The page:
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Why They Underachieved : Boston Red Sox

If you told anybody that the Boston Red Sox were only going to go 84-78 with a losing record at home finishing third place in their division after winning the World Series title in 2018, you probably would have been laughed out of any discussion concerning baseball. However, that is what happened in their title defense season. There are many reasons why they struggled, but I would like to focus on three major points. Here are the biggest reasons of why the Boston Red Sox underachieved this year :


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Pitching Was A Disaster

Image result for David Price Red Sox AP Photo
Photo Source : AP Photo

After losing bullpen arms like Joe Kelly and Craig Kimbrel in the off-season, a slump in the bullpen was to be expected. The Red Sox not only got that, their pitching slumped in all forms of their rotation. Here was the starting rotation ERA at the end of the year:

  • Chris Sale : 4.40 *ended season on DL*
  • David Price : 4.28
  • Rick Porcello : 5.22
  • Nate Eovaldi : 5.99 *12 starts*
  • Eduardo Rodriguez : 3.81

When Eduardo Rodriguez is the only pitcher you have who’s ERA is below four, there’s a real problem. After giving Chris Sale a massive extension in the off-season he really failed to meet expectations. Although his loss numbers are inflated due to not having a ton of run support in games, he had his fair share of struggles and is open to criticism. Meanwhile David Price let his off the mound issues linger into his pitching, including his conflict with Dennis Eckersly and his criticism of him.

Meanwhile the bullpen was just awful, with their average ERA at 4.44 through the relief pitchers/non-starters. If there was just only one reason to point out why the Red Sox were utterly dissapointing in 2019, this was it.

Superstars Not Meeting Expectations

Image result for Mookie Betts AP Photo 600 x 400
Photo Source : John Minchillo / AP Photo

We already reached Chris Sale in the first half of the article, where he had a major slump and injuries hampered him. But we didn’t talk about the bats. For the most part they were fine. The emergence of Rafael Devers, Xander Bogaerts and Michael Chavis covered a lot of woes on the lineup, but Mookie Betts struggled in particular.

Season long? It wasn’t an awful year. A .295 average with an on base percentage of .391 are really solid numbers for the AL MVP from last year. However, it wasn’t what the Red Sox were expecting from the next biggest MLB contract to be. He had his slumps in weeks and only had a first half average of .272 and 60 strikeouts. Season long he finished with a career high 101 strikeouts. This isn’t production you want out of your star players. Now the Red Sox are in a peculiar situation with Betts. Do they trade him because they feel his contract isn’t worth it, or give the star his big deal? Sorry to bring a little off-season preview here, but with the openness of wanting to get under the luxury tax mark next year by owner John Henry, I’d say its more likely than not that not only Mookie Betts is gone, but DH J.D. Martinez opts out of his deal as well with no effort to re-sign him.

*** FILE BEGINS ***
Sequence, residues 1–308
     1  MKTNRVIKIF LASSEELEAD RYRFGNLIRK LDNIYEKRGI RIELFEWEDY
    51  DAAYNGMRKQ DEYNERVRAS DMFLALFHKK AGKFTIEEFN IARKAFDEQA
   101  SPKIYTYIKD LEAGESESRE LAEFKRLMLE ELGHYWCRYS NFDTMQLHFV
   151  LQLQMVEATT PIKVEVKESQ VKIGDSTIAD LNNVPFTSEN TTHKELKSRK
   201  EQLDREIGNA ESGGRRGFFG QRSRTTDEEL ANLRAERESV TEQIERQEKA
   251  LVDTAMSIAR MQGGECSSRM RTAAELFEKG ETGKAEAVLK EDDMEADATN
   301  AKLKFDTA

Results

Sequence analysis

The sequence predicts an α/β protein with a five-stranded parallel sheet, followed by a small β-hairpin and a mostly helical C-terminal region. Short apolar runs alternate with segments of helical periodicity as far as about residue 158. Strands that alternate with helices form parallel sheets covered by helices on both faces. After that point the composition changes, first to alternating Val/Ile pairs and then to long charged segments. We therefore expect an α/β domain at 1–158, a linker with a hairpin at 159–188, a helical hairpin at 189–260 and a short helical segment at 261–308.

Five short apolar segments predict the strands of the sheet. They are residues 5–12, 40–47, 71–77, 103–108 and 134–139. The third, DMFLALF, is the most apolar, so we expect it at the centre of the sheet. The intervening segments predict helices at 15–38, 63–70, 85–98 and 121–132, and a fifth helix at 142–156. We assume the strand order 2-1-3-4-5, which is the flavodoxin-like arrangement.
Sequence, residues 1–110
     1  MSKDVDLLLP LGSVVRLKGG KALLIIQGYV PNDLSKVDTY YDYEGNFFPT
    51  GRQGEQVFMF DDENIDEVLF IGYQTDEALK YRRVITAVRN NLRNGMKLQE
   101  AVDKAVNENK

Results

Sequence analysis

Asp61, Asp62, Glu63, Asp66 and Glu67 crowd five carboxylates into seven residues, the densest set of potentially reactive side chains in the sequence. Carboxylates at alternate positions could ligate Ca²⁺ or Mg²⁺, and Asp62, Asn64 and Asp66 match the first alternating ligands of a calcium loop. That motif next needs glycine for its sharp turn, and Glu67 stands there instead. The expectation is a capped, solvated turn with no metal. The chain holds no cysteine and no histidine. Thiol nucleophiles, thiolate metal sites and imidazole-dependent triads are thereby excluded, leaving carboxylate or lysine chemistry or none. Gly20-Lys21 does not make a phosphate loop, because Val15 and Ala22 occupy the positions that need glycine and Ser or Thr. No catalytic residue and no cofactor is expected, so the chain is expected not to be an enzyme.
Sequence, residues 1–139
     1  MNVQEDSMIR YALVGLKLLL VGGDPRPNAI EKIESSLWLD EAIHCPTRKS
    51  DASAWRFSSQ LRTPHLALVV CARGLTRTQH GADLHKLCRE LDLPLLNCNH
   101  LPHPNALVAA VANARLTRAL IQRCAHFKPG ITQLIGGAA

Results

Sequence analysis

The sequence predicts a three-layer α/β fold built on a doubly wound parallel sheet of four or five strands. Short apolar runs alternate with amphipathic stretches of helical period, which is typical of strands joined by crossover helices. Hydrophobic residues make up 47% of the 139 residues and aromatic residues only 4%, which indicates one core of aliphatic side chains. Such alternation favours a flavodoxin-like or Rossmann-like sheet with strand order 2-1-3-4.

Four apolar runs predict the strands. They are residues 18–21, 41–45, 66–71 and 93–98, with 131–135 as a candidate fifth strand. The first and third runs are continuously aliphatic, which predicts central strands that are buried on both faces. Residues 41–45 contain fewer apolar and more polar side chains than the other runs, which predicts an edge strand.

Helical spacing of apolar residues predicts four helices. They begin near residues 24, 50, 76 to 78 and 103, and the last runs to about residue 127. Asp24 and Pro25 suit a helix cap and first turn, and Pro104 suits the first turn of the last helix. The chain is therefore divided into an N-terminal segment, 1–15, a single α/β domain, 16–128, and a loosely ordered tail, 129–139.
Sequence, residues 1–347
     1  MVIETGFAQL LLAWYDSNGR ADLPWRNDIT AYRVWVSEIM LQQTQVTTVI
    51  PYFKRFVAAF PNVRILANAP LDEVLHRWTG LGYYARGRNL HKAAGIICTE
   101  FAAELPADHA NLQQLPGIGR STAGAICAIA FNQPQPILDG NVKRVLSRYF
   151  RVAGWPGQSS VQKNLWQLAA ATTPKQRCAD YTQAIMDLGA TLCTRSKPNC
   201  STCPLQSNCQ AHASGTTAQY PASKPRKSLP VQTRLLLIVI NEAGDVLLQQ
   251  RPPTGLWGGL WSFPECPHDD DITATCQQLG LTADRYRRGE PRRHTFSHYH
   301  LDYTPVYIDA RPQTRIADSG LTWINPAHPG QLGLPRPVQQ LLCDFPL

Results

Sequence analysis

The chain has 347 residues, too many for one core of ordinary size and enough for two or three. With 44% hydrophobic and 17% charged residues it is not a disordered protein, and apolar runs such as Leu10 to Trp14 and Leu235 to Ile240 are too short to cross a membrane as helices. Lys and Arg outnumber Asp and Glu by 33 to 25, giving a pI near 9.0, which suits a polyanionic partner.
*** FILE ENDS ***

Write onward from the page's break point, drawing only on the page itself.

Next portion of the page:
Ownership/Front Office Disputes

Image result for Dave Dombrowski AP Photo 600 x 400
Photo Source : AP Photo

After winning the World Series, I think everybody inside the Red Sox organization knew that former GM and President of Baseball Operations Dave Dombrowski’s work had been done. He was hired for the sole purpose of dishing out the Boston Red Sox top prospects in the farm for big pieces to make a run at the world series. Trading Yoan Moncada and Michael Kopech for ace pitcher Chris Sale was one of those moves. As well as bringing in J.D. Martinez on a big money deal, that again, he could opt out of if he so chooses. All in order to bring this team over the top. Long story short, Dombrowski was hired as a mercenary to bring a World Series title back to Boston. Not a shot at John Henry and ownership at all, teams do that all time time to focus on short term goals and not the bigger picture.

What led to the dispute then? The Red Sox were champions and on top of the MLB once again. This is just a theory here, but I don’t believe Dombrowski was invested in the future. He didn’t bring in any new arms for the bullpen after letting Kelly and Kimbrel walk in free agency, and he left the team as is not making any flashy moves, despite having the highest payroll in the MLB. I think Dombrowski was content with bringing in the same team that won last year. As we saw in 2014 in Boston’s title defense then, it seldom works out in a positive effort that way. Henry saw it coming and watched as the Red Sox GM stayed silent during the trade deadline, making one move for Baltimore’s Andrew Cashner, who finished the year with an ERA dangerously close to seven. Eventually enough was enough and Dombrowski was terminated before the season was over. It’s hard not to believe that Henry and Dombrowski didn’t see eye to eye and had different plans for the future.

Again, there’s even more reasons as to why the Red Sox just could not get themselves together for more than a week’s span. Theories and facts combined we could probably get to triple digits. But, Red Sox fans, 2019 was a bleak year and 2020 doesn’t look much brighter with Mookie Betts and J.D. Martinez potentially taking off this off-season and a question mark at the GM position. Next season seems to be almost a rebuild year of sorts. Something that they could very well use, as previously stated, was their farm system. However, their best prospects were shipped off by Dave Dombrowski to make an eventually successful run at the World Series.

Photo Source : Gail Burton / AP Photo

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